Tag Archives: pornography

New Book: Selling Sex Short

1 Nov
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Apparently the book cover is the choice of the publisher, and definitely not the preference of the author!

Dr. Meagan Tyler, who some may know through her work as a tutor at Melbourne Uni, has recently had her new book published: ‘Selling Sex Short: The pornographic and sexological construction of sexuality in the West‘. The information below is from the page about the book on the Cambridge Scholars Publishing website, where you can also read a sample PDF and order a copy.

Pornography and the ‘science of sex’ – sexology – are redefining sexuality in the West today, but is the model of sexuality promoted by these two industries selling sex short? In this, the first book to fully investigate the connections between the industries of pornography and sexology, they are found to promote a very similar type of sexual ideal.

Sex therapists now recommend hard-core pornography to patients and porn stars have become sex-advice ‘experts’ offering bestselling self-help books. With reports of the increasing ‘pornification’ of popular culture and an epidemic of ‘Female Sexual Dysfunction,’ it is more important than ever to understand the influence of pornography and sexology on our sexual lives.

Through a feminist critique of current trends in pornography, in sexological research, and in sex self-help books, it is shown that the type of sex being promoted by these industries closely resembles the model of sex found in systems of prostitution. This is a model in which women are bought and sold and yet it is being held up as an ideal for couples to mimic in their everyday heterosexual relationships. Ultimately, this is an unethical model of sexuality that sells sex short.

There was recently a book launch held at Melbourne Uni but unfortunately we did not hear about it in time to post a heads up. But if you attended, let us know how it went!

Meagan Tyler is a Lecturer in Sociology at Victoria University, Australia. She has presented her research on women’s sexuality at conferences around the world and her research has been published in Women’s Studies International Forum and Women and Therapy. She is also a member of the Coalition Against Trafficking in Women Australia.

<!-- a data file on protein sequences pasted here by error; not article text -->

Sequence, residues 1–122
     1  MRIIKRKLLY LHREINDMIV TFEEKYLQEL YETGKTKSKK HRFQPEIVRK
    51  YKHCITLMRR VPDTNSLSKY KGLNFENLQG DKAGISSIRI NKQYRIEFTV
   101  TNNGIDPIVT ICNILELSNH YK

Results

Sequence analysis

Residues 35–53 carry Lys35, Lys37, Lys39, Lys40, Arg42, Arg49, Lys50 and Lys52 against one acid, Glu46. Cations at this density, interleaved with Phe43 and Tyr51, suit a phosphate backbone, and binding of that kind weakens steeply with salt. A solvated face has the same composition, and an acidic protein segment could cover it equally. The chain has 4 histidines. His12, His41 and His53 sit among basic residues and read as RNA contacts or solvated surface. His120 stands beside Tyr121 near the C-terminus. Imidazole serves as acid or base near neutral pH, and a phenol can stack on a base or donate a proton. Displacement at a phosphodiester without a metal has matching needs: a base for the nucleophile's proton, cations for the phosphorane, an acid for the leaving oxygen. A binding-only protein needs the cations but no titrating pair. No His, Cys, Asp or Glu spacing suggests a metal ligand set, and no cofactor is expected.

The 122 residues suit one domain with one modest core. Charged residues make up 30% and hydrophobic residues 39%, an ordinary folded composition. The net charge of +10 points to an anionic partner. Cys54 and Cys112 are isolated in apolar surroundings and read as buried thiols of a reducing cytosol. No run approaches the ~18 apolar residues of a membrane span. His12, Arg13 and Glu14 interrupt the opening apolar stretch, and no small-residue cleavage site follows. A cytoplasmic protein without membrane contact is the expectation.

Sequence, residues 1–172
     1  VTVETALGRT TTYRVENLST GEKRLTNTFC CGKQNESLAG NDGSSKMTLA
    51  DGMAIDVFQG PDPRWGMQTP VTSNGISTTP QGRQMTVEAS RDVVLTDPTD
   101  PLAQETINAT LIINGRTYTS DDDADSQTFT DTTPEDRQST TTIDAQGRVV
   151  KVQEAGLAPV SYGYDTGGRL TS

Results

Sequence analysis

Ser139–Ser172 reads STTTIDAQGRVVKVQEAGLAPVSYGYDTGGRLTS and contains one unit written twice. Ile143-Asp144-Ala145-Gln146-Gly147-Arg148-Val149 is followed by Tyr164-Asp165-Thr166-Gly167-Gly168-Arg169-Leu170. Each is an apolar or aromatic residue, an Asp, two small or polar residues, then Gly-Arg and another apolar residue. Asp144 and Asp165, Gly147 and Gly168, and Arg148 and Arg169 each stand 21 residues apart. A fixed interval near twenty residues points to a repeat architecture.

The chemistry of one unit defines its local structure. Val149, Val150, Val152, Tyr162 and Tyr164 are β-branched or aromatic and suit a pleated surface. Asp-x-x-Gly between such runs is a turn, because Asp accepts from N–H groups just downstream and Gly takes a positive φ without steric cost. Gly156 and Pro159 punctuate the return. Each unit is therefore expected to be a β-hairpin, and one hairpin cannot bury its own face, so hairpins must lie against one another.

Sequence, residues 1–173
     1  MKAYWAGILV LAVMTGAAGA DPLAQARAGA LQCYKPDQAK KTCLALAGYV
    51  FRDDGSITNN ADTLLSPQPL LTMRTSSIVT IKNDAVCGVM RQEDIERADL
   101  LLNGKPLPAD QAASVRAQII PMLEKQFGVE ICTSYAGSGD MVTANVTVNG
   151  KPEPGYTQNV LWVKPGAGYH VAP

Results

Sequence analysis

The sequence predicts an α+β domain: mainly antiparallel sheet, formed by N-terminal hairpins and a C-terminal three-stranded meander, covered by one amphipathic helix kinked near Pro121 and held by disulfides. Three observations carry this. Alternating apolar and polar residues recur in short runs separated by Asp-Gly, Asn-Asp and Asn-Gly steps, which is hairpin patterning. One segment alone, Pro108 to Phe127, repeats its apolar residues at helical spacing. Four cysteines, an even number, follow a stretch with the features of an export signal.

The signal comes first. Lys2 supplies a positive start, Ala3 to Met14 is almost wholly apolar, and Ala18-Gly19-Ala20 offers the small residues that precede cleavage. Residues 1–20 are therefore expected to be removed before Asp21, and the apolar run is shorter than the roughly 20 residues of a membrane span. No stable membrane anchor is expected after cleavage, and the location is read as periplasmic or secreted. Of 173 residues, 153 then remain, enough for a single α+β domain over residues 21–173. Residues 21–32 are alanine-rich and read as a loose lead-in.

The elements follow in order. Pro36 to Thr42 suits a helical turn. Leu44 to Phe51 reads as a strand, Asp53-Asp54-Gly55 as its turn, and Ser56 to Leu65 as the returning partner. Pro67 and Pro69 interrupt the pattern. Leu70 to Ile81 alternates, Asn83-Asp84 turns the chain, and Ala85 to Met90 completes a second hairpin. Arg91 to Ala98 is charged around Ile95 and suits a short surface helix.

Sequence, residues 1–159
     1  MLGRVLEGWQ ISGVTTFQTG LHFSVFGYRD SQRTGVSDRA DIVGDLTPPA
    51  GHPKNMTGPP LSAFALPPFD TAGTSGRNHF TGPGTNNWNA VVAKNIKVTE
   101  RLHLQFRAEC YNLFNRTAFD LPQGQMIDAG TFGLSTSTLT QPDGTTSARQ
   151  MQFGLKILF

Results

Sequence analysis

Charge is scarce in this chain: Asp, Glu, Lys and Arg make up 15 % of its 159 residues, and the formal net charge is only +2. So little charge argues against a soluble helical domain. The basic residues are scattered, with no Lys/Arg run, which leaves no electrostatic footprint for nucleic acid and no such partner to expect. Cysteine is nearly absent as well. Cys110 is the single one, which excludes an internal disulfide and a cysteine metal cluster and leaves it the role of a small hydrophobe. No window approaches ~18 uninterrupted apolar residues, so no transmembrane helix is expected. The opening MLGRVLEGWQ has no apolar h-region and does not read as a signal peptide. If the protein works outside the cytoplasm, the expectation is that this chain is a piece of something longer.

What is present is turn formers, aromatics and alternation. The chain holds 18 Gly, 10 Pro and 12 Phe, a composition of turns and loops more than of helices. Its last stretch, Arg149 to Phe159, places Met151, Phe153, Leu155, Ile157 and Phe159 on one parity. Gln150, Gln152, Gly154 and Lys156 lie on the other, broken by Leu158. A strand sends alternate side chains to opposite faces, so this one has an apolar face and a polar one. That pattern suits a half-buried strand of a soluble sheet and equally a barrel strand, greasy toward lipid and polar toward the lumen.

Feminist discussion group: Sex work, pornography, safety and empowerment

23 Oct

hi everyone,

monday’s feminist discussion group will be concerning some anti-prostitution flyers that were placed in the wom*n’s room. Many wom*n felt uncomfortable with these flyers, and others support them– the bottom line is that there really ought to be a discussion about it! The issue was brought up at WAC, and we’re unsure who put them there, but think that it’d be constructive to have a proper chat about what we think!

so please come along for a safe and open discussion about sex work, pornography, our attitudes towards it and wom*n’s empowerment and safety in these areas. any wom*n are welcome regardless of your level of knowledge on the subject, but be sure not to assume that people in the room may or may not be sex workers themselves.

we hope that the wom*n’s room can always stay somewhere that’s welcoming to all wom*n, and that we can remain proactive in discussing important issues. this will also be the last feminist discussion group for the semester, so it’d be great to have everyone along.

what: feminist discussion group – sex work
when: monday 12pm
where: wom*n’s room
why: in response to anti-sex work flyers being placed in the room, but also because it’s a big issue that could do with discussing!

hope to see you there!

Event: Big Porn, Inc.

5 Sep

book cover: black background with 'big porn inc' in capital red and white text

A new book, Big Porn Inc: Exposing the Harms of the Global Porn Industry, is being launched at the moment, and a talk will take place at:

Faculty Function Room
John Medley Building
Melbourne University
Tuesday, 13th September from 5:30 – 7pm.

 

Now, this may a bit of a controversial event (and book) as there are many within the UMSU Wom*n’s Dept (and outside it) who have differing perspectives on pornography, the variety of feminist responses to it, and especially some of the writers who have contributed to this book. The event is posted here in the interests of impartiality and exposure for all feminist-related stuff happening on campus.

Hopefully the event/book will be thought-provoking no matter where you stand. If anyone wants to attend, perhaps we could incorporate this into Feminist Discussion Group.

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